Wednesday, November 09, 2005
The hearing is an indication that big oil companies, which have received billions of dollars in tax breaks from Congress, are facing an increasingly hostile audience in Washington. Even some Republican lawmakers, whose party has long been sympathetic to the requests of the industry, are considering a windfall-profit tax for oil companies. Concerns mounted after oil companies recently reported record quarterly profits, including Exxon Mobil's $9.92 billion, up 75 percent from the third quarter last year.
Sen. Pete V. Domenici (R-N.M.) told the executives this morning, "The oil companies owe the country an explanation."
"I would hope that it's simply theater to demonstrate their concern about things that a lot of Americans are concerned about and that after the cameras go away, they get back to business," Jerry Taylor, director of natural resource studies for the Cato Institute, said earlier. Cato opposes new taxes on the oil companies. "On the other hand, it may well be an attempt to set the stage for real legislation," Taylor added.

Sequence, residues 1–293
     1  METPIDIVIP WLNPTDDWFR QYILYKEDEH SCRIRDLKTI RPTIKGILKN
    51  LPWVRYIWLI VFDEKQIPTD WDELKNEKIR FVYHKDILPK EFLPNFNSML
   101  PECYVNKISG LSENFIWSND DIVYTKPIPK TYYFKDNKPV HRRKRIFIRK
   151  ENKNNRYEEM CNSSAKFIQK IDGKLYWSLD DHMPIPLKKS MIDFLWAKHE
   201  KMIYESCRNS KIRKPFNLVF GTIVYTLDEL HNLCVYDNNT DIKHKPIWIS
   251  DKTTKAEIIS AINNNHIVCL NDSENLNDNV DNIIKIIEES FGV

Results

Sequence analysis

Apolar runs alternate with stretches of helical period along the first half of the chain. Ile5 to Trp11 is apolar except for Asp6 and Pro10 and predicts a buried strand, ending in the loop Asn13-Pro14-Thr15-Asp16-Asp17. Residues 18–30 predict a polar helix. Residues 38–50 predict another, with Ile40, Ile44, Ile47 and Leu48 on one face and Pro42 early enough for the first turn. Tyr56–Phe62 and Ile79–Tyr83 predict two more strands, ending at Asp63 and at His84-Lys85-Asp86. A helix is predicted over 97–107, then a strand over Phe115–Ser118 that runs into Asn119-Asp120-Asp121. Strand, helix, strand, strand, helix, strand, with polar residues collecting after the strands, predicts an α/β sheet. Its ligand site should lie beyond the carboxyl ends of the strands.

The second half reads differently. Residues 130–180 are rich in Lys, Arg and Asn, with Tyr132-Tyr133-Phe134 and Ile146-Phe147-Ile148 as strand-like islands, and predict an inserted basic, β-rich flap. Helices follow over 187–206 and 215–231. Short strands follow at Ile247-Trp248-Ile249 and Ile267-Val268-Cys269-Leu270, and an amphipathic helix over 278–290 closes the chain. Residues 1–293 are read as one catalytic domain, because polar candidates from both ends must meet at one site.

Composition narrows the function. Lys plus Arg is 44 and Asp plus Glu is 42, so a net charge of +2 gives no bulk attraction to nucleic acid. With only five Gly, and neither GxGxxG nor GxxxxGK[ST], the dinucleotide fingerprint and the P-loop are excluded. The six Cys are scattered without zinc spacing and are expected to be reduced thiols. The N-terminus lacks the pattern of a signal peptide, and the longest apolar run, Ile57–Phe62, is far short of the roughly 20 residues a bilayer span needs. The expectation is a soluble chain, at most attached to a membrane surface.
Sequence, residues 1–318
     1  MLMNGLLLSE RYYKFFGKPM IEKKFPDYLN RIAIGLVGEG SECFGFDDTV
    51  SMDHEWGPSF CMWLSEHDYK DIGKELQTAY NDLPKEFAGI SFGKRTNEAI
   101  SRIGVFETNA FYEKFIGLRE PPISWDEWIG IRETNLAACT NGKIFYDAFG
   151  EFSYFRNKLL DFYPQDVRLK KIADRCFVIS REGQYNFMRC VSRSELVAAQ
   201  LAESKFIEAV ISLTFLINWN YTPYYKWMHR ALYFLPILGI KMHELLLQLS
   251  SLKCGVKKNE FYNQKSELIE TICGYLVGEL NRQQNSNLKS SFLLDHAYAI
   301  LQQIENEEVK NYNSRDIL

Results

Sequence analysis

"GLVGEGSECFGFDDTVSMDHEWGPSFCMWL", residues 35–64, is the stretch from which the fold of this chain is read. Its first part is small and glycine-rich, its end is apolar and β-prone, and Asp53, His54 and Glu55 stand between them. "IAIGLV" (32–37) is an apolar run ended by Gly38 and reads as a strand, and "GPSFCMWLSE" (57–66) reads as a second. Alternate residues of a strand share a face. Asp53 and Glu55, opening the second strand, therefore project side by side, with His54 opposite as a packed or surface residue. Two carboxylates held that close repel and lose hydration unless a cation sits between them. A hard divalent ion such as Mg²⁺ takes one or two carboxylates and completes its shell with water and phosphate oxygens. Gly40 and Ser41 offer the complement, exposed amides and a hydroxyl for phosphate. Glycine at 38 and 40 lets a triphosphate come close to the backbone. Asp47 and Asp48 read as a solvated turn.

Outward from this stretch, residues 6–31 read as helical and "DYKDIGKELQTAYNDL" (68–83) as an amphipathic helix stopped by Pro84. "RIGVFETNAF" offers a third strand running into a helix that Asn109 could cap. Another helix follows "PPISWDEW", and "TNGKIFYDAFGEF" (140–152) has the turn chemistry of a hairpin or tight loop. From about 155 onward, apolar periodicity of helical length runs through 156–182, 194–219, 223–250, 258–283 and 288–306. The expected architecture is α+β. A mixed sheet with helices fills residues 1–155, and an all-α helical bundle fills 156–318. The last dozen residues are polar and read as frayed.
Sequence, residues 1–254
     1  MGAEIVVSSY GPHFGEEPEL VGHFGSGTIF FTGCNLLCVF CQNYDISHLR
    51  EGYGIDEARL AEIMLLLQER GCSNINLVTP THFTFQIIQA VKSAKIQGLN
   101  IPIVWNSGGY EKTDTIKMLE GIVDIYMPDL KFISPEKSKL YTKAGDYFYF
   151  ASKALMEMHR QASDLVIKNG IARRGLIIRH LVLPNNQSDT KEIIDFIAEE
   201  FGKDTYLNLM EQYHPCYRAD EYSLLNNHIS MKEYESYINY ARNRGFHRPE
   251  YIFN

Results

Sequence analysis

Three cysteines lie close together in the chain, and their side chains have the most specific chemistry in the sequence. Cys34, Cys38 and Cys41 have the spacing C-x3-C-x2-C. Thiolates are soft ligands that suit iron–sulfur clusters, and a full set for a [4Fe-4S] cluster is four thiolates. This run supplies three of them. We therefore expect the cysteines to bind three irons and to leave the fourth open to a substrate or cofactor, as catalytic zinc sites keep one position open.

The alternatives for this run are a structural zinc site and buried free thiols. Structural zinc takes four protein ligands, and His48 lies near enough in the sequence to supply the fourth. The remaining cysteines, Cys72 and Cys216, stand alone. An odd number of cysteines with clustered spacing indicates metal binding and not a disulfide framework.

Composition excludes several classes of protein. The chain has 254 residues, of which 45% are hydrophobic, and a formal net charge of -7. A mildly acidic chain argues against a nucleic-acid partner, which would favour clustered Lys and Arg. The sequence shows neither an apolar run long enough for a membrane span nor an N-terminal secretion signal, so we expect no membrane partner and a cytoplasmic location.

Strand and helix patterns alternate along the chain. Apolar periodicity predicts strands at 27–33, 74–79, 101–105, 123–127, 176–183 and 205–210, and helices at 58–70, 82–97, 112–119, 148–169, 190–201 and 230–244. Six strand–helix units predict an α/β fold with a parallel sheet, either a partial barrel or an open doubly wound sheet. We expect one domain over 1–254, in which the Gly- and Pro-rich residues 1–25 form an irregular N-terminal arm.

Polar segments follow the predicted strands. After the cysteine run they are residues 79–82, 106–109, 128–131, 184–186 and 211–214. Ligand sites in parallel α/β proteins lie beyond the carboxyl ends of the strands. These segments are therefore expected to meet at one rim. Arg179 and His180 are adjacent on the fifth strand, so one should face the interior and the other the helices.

At today's joint hearing of the Senate Energy and Natural Resources Committee and the Commerce, Science and Transportation Committee, being held at the request of Majority Leader Bill Frist (R-Tenn.), Republicans intend to show that they can be tough with oil companies.
Democrats tried to show they could be tougher. They demanded that the executives from Exxon Mobil Corp., Chevron Corp., ConocoPhillips Co., Shell Oil Co. and BP America Inc. be sworn in. That occurred when Congress held a hearing with oil executives in 1974 to explore energy shortages and high prices, resulting in front-page images of the officials with their right hands in the air. But Republicans refused to support that effort and the testimony went forward without taking any oaths.